Nat Genet. 2014 Jun 22. doi: 10.1038/ng.3013. [Epub ahead of print]
Ordering of mutations in preinvasive disease stages of esophageal carcinogenesis.
Weaver JM1, Ross-Innes CS1, Shannon N2, Lynch AG2, Forshew T3, Barbera M4, Murtaza M3, Ong CA4, Lao-Sirieix P4, Dunning MJ3, Smith L4, Smith ML3,Anderson CL3, Carvalho B3, O'Donovan M5, Underwood TJ6, May AP7, Grehan N4, Hardwick R8, Davies J9, Oloumi A10, Aparicio S10, Caldas C3, Eldridge MD3,Edwards PA11, Rosenfeld N3, Tavaré S3, Fitzgerald RC4; the OCCAMS Consortium.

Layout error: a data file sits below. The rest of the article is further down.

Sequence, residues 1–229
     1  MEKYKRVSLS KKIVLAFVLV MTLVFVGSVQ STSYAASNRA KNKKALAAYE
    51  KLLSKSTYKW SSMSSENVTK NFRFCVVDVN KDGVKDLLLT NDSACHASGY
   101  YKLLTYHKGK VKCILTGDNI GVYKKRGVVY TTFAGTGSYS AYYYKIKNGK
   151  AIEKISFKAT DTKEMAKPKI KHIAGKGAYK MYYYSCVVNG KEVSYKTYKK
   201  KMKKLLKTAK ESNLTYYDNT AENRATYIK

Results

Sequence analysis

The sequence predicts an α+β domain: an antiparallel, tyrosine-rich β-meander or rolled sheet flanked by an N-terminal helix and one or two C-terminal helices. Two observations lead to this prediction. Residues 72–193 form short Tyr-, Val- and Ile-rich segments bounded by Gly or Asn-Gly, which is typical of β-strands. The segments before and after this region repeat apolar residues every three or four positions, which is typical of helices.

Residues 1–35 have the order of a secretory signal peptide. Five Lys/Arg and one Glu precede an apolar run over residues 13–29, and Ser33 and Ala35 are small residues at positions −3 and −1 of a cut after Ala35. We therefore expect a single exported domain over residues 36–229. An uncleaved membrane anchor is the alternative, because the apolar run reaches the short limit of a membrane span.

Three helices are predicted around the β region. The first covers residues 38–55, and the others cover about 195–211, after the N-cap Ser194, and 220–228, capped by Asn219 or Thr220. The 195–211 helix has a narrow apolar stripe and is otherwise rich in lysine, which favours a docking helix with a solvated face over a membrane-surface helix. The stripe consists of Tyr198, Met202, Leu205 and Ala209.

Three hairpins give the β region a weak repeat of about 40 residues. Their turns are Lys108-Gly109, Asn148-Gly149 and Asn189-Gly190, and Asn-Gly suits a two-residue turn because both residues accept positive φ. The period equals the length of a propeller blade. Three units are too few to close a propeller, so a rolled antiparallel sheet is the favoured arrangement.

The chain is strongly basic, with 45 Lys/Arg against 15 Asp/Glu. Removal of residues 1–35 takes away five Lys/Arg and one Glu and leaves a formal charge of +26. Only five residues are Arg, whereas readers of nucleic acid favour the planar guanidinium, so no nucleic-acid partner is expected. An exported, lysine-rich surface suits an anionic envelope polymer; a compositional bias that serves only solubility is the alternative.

Cancer genome sequencing studies have identified numerous driver genes, but the relative timing of mutations in carcinogenesis remains unclear. The gradual progression from premalignant Barrett's esophagus to esophageal adenocarcinoma (EAC) provides an ideal model to study the ordering of somatic mutations. We identified recurrently mutated genes and assessed clonal structure using whole-genome sequencing and amplicon resequencing of 112 EACs. We next screened a cohort of 109 biopsies from 2 key transition points in the development of malignancy: benign metaplastic never-dysplastic Barrett's esophagus (NDBE; n = 66) and high-grade dysplasia (HGD; n = 43). Unexpectedly, the majority of recurrently mutated genes in EAC were also mutated in NDBE. Only TP53 and SMAD4 mutations occurred in a stage-specific manner, confined to HGD and EAC, respectively. Finally, we applied this knowledge to identify high-risk Barrett's esophagus in a new non-endoscopic test. In conclusion, mutations in EAC driver genes generally occur exceptionally early in disease development with profound implications for diagnostic and therapeutic strategies.
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